The conceptual history of the body’s normal and pathological constitution has returned to several constant themes over the centuries.
What is the body composed of? How can a body’s “health” be defined? What causes illness and bodily deterioration? What is the ontological status of “illness” and which epistemological tools are needed to define it? What is the relationship between the disruption of the body and the malfunctioning of the soul or the mind? The aim of this collective volume is to consider some relevant theories on the body as formulated at the intersection of the history of philosophy and the history of medicine from antiquity to the Nineteenth century. We have selected a series of relevant authors and theoretical moments in the history of philosophy and science to illuminate and bring to life this centuries-long dialogue.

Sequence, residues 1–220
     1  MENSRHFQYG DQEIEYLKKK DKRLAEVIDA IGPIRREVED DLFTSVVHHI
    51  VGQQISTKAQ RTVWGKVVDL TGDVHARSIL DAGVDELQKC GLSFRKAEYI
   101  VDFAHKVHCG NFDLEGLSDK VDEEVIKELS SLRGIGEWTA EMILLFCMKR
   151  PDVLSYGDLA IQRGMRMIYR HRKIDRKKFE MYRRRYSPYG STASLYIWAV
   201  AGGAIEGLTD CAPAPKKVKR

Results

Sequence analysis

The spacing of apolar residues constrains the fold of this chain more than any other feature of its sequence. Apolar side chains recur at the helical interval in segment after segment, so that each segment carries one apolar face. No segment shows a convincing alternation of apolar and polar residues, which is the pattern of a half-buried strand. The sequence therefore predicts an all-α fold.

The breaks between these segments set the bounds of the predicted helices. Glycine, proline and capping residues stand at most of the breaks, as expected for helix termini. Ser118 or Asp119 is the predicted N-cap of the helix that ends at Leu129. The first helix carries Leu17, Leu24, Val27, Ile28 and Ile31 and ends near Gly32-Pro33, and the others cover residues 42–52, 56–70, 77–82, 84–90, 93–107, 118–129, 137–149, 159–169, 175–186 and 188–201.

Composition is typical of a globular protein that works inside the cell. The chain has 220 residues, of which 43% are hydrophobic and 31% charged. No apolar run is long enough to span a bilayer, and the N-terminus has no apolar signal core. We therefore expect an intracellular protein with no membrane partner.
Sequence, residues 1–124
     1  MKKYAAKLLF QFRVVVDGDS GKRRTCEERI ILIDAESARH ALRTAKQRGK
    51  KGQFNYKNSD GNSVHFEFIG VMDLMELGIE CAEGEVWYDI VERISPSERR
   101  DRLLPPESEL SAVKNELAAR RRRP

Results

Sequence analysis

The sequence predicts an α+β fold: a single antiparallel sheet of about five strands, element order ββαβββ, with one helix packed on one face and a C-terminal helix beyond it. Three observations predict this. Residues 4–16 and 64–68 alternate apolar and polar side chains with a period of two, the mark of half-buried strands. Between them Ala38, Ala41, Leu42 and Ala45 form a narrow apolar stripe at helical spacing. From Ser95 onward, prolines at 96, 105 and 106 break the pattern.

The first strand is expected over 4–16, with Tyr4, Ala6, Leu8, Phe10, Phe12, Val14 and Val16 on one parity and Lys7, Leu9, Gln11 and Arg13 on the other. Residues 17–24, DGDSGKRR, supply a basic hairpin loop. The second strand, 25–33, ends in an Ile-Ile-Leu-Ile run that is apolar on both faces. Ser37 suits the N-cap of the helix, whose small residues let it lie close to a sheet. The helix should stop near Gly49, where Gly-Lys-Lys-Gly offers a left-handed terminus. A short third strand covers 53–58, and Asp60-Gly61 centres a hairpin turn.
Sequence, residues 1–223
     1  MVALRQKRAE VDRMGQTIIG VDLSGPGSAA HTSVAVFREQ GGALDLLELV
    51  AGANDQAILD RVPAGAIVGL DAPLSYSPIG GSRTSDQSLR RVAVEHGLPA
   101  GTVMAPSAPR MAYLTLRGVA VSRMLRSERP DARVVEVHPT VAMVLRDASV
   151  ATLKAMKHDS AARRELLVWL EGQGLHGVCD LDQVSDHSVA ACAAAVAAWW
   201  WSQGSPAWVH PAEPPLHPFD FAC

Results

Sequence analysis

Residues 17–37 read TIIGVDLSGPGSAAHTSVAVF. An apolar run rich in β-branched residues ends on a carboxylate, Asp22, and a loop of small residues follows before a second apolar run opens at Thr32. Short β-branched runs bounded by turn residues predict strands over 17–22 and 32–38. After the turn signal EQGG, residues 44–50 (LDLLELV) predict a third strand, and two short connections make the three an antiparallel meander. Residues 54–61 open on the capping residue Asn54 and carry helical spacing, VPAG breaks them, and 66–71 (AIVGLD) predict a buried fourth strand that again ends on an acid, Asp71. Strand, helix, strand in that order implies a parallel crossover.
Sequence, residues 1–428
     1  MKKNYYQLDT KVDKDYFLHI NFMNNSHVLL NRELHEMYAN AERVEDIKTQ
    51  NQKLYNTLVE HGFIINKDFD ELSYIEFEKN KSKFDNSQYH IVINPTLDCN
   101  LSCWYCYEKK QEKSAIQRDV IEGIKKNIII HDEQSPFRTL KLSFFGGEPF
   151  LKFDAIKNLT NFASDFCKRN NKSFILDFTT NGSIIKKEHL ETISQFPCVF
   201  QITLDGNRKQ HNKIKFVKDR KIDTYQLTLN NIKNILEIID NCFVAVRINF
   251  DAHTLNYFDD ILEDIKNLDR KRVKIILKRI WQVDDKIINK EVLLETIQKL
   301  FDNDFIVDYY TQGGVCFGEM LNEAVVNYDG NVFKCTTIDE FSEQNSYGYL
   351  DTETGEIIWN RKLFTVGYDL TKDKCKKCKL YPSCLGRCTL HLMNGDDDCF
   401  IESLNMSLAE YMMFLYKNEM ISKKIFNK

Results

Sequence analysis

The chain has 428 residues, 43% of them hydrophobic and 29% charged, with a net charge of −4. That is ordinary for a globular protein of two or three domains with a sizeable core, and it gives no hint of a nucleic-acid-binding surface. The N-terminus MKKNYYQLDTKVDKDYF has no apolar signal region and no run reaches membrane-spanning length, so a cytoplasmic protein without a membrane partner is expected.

Chiara Beneduce (Rome, 1989) obtained her Ph.D. in February 2017 as a result of a joint degree agreement between the Universities of Pisa and Florence (Italy) and Radboud University (The Netherlands). Her dissertation focused on John Buridan’s natural philosophy. She is currently affiliated to Radboud University and works on the interaction between natural philosophy and medicine in the Middle Ages.
Denise Vincenti (La Spezia, 1988) obtained her Ph.D. in Philosophy at the Universities of Pisa and Florence in March 2017. Her research focuses on the relation between Spiritualism (e.g. Félix Ravaisson, Paul Janet, Joseph Tissot, Henri Bergson) and the French Eighteenth- and Nineteenth-century medicine. She has been recently awarded a grant from Istituto Italiano per gli Studi Filosofici of Naples.